Barry McCaffrey
4 July 2004
Irish News

A DUP councillor has said Catholics living in a south Belfast
apartment block should move to the Republic if they objected to a
huge Northern Ireland flag being erected on their building.

Belfast councillor Ruth Patterson said residents of Whitehall Square
should be aware that they were living in "a Protestant area".

She said she did not support the erection of loyalist paramilitary
flags beside the apartments in recent days because they "ghettoised"
the area.

However, she said a Northern Ireland flag erected on Whitehall Square
itself was "part and parcel of community life here".

Loyalist youths also attempted to erect a paramilitary flag outside
St Mary's on the Hill Church in Glengormley last night (Friday).

A police spokeswoman said officers and community representatives had
succeeded in dissuading them. Union flags were previously flown
outside the church.

The private Whitehall Square development in the Sandy Row area has
attracted a number of loyalist protests.

In September contractors employed to clean sectarian graffiti from
the building were attacked by loyalists and their van was set on
fire. This May graffiti was again daubed on Whitehall Square, calling
for the expulsion of Catholics.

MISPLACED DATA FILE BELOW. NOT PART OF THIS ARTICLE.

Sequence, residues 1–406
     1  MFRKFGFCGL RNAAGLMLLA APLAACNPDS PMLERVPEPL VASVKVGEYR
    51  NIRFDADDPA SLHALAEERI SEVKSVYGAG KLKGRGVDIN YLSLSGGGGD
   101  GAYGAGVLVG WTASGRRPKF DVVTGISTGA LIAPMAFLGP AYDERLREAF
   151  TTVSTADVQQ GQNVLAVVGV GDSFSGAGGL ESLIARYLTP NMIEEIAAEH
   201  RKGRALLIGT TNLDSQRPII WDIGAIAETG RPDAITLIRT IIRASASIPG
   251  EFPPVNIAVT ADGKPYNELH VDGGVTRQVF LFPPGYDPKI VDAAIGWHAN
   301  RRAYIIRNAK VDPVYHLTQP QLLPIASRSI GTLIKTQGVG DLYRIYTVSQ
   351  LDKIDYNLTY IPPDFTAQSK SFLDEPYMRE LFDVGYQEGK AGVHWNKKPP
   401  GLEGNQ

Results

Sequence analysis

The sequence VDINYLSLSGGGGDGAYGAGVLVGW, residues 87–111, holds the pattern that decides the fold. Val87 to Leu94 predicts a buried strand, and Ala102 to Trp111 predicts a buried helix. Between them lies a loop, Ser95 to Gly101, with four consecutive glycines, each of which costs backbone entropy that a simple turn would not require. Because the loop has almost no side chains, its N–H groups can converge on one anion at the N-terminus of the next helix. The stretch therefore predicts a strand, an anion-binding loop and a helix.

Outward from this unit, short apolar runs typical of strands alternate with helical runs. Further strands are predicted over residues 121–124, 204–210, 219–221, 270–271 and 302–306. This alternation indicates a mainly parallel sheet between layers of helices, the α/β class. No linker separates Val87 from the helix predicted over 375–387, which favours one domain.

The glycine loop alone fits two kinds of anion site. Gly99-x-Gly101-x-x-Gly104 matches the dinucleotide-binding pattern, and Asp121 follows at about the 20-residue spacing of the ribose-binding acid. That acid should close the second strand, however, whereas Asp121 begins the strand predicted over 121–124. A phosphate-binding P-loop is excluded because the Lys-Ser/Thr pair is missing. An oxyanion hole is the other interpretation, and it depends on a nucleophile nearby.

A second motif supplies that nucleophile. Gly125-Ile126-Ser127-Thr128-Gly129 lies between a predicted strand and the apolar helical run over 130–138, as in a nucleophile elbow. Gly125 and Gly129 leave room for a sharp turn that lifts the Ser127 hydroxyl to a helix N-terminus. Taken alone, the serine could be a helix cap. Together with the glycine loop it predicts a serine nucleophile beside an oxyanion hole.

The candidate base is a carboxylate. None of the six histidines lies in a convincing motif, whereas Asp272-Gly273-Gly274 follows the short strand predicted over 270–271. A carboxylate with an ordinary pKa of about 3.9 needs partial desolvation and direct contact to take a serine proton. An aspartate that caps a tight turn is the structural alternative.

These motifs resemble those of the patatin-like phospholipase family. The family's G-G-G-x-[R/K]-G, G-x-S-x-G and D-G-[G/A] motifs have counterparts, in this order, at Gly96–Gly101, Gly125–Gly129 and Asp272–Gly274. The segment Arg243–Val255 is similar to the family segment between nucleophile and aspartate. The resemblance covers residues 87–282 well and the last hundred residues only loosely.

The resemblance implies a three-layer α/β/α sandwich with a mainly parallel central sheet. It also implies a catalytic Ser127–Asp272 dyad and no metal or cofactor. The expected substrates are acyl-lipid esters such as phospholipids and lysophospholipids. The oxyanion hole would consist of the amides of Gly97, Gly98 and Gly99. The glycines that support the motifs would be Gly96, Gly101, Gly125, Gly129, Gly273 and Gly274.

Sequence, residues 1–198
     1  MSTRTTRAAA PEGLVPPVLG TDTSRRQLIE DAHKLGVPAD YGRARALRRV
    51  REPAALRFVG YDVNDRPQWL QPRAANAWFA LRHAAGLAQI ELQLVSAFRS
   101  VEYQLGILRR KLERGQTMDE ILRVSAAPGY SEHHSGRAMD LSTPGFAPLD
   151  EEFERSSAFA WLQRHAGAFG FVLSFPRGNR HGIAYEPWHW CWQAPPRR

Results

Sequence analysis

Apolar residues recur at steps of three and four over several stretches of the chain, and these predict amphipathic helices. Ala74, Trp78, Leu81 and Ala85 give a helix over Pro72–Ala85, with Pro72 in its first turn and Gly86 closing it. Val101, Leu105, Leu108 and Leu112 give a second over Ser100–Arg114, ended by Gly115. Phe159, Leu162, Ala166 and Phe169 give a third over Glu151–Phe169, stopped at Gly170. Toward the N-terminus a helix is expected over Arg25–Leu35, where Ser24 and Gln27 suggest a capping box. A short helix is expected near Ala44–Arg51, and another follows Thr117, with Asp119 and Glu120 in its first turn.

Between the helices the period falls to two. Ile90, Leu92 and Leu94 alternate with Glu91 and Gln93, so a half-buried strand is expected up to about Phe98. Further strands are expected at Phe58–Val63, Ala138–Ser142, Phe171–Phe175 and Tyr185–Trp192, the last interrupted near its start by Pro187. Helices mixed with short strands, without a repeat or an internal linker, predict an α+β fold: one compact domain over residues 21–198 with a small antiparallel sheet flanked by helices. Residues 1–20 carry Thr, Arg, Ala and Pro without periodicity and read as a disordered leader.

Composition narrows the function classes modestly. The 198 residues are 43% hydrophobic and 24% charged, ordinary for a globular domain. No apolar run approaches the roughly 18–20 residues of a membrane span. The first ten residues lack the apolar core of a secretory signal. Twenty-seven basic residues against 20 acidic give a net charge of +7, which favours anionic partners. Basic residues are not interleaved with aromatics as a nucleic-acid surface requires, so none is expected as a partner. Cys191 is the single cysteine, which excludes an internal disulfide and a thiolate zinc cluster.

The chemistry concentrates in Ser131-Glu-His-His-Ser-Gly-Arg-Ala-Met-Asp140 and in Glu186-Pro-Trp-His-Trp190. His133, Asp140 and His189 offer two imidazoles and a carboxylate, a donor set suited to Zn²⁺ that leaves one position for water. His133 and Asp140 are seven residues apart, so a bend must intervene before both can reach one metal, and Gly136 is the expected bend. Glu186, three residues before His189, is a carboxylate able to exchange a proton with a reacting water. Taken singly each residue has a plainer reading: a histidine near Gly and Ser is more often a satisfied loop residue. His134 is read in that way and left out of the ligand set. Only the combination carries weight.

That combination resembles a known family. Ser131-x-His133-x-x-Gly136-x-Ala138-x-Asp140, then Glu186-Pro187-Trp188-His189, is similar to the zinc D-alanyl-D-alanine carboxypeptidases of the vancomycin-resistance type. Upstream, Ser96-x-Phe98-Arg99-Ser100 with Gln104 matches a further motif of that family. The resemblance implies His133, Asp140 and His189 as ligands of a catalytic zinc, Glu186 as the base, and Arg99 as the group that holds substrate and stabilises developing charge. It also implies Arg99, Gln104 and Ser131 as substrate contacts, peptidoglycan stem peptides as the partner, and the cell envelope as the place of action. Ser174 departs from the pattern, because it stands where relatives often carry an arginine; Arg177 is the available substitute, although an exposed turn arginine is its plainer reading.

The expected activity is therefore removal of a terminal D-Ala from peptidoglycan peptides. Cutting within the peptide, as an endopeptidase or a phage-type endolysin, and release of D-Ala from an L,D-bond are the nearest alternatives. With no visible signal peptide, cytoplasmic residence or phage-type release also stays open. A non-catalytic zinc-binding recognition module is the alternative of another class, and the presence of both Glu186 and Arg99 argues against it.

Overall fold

Later around 300 loyalists protested outside the £120,000 apartments,
claiming that Sandy Row residents had been taunted by republicans
living in the private development. After those protests a number of
Catholic residents said they were leaving the apartments.

Responding to the latest erection of flags, Ms Patterson said: "If
they (residents) don't like the flags of this country, then they
should go and live across the border."

Ms Patterson said the developers should have told buyers that they
would be living in a loyalist area.

"The good people of Sandy Row were demonised because they dared to
stage a protest after provocation from Whitehall Square," she said.

Rejecting nationalist claims that the erection of loyalist flags was
designed to intimidate Catholic residents, Mrs Patter-son said: "Of
course they are going to say that. They are doing what they do best –
complaining about the marching season."

However, SDLP councillor Pat McCarthy described the erection of the
flags as "naked intimidation".

"This is pure sectarianism and unionists can't deny that. These flags
were deliberately erected at Whitehall Square because they believe
there are still Catholics living there," he said.

Sinn Féin councillor Alex Maskey said: "I had hoped this intimidation
had been brought to an end but unfortunately it seems there are still
people intent on stoking up sectarian tension.

"There are good people in Sandy Row and I would call on that
community to stand up and say this is wrong and that the flags should
be removed."

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